What Leafs’ Galchenyuk can do better to stay in lineup come playoffs

Shawn McKenzie and Chris Johnston discuss the Jets trying to chase down the Maple Leafs and Toronto’s power play being a cause for concern.

Two weeks ago, I opened a “Leafs needs” article heading into the trade deadline by talking about their need for a top-nine forward (Hello, Nick Foligno), and more specifically, about Alex Galchenyuk. I explained that it’s not impossible that what the Leafs have found in him (quality play) is real and lasting, but that it probably isn’t smart to bet on it as your one and only plan. My reasoning wasn’t overly hot-takey, I don’t think, as I mentioned that his laudable NHL credentials (size, seasons of quality output, age, high pick) combined with worse teams than the Leafs cutting ties with him points to likely deficiencies in his game.

With the deadline behind us, and with injuries thrusting Galchenyuk into an even bigger role on the Leafs’ top line, two things look clear to me. One is that he can hang talent-wise and effort-wise in that roster slot, his goal to open the scoring on Thursday is an example of that. But two is he won’t get many looks there in the playoffs – if he stays in the lineup at all – if he doesn’t prioritize the defensive obligations that exist … in the offensive zone.

What I mean by “defensive obligations in the offensive zone” is simply a matter of not getting lured in by the siren song of the hockey puck, and when necessary, staying out in the safe parts of the rink where the play stays in front of you, at least until your team wins said puck back. Sometimes these rotations look complicated, but as a forward you really just have to notice one thing (maybe that the guy who was F3 is diving in after the puck, or that a D-man is pinching down), and you simply have to cover that more defensive spot for a hot sec.

Thursday night, Galchenyuk got pulled out of those rotations by the temptations of offence, directing contributing to two Leafs goals against. Let’s look at them, and we’ll finish by discussing what this weakness means for the Leafs. Because if they decide they can’t trust him on a good offensive line, will there be a spot for him at all in playoffs?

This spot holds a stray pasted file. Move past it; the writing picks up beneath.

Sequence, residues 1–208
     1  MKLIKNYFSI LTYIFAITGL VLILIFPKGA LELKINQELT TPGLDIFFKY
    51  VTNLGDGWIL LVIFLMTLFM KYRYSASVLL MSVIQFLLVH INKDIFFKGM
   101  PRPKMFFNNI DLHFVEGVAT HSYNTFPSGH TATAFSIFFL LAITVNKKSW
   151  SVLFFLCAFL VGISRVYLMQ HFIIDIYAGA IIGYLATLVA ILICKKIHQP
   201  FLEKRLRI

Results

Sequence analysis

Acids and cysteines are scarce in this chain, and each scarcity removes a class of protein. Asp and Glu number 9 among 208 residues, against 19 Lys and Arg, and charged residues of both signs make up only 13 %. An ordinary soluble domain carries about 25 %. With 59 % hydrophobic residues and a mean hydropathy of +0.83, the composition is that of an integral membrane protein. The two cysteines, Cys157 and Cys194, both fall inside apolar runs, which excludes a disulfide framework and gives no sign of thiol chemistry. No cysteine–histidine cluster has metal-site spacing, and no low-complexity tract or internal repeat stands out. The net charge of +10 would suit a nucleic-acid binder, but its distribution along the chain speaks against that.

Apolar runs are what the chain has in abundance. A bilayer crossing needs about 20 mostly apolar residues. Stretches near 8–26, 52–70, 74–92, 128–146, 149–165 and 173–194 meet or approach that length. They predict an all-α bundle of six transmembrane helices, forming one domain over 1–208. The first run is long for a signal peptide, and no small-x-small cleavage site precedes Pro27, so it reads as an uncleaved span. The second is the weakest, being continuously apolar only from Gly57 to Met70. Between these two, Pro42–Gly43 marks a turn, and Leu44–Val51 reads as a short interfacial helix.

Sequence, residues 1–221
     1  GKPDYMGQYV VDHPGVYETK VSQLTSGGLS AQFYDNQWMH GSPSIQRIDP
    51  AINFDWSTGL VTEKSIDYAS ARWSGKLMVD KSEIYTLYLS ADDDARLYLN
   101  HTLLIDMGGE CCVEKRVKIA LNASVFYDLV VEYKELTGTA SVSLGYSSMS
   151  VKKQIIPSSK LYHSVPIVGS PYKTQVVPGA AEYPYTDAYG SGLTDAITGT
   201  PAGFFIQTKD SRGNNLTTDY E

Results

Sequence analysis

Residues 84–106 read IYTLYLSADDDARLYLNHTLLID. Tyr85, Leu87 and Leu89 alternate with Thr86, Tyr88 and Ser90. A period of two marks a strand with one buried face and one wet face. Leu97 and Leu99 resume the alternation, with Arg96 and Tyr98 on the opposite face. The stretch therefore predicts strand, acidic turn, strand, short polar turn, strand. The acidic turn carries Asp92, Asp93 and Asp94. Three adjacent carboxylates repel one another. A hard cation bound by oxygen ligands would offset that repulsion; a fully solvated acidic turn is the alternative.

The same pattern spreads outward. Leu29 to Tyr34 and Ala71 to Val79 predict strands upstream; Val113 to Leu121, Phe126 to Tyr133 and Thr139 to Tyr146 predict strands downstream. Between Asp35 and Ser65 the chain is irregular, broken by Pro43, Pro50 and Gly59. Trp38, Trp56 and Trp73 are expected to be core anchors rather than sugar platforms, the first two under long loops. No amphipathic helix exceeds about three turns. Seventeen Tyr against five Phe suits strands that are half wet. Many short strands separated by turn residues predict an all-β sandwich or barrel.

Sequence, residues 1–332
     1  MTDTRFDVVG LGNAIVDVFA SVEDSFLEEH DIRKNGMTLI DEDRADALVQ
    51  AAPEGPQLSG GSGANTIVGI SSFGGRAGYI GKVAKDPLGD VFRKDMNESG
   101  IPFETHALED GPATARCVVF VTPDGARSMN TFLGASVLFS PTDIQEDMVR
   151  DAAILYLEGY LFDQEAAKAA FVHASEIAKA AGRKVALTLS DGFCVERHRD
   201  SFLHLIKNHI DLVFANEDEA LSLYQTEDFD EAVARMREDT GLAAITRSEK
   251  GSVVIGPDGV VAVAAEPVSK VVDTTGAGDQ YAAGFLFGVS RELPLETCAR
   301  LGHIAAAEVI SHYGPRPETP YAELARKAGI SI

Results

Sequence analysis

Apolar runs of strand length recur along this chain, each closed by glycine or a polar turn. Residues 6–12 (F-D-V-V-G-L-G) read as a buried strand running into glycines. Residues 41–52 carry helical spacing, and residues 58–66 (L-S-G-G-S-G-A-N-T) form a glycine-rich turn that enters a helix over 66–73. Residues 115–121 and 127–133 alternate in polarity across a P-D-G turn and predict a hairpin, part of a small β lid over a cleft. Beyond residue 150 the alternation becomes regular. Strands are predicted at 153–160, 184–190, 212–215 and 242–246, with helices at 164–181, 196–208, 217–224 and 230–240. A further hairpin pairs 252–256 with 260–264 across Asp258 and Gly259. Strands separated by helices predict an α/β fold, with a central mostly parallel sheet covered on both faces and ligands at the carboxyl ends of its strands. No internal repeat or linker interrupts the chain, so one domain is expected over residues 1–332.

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The first goal we’ll look at is Kyle Connor’s first that puts the Jets up 2-1 in the opening frame. Have a look before we talk about what went wrong.

The play started moments before this with a Galchenyuk dump-in and forecheck that was pretty standard and uneventful. The puck switched sides left to right, John Tavares stayed on it, and Galchenyuk reattacked with a good route as F2.

Marner, as he so often does, takes on the role as high forward, staying above the play.

If you’re Sheldon Keefe, you can’t complain about how the battle plays out in terms of early positioning. When the puck is down low in a 2-on-2, it’s mostly a battle of effort and technique and luck to come up with it, while Marner stays above.

The next picture (below) is great. The Jets left winger seems strangely low, but it makes sense given they’re still sorting out puck possession – meaning it’s not exactly d-zone coverage positioning yet – and the Leafs are in really good spots as the battle moves along. (That includes Jake Muzzin creeping down as the middle defender. If the Leafs get the puck, he can be on offence, if the Jets get it, his gap will be tighter than if he were pulled way out).

The puck gets pushed back behind the net, and the rotation here is pretty black and white. F3 can reattack, becoming F1, the next closest forward to the puck (in this case Tavares) can join him as F2 in the hunt, and the farthest forward from it all can pull straight out above the fray and take on the role of F3.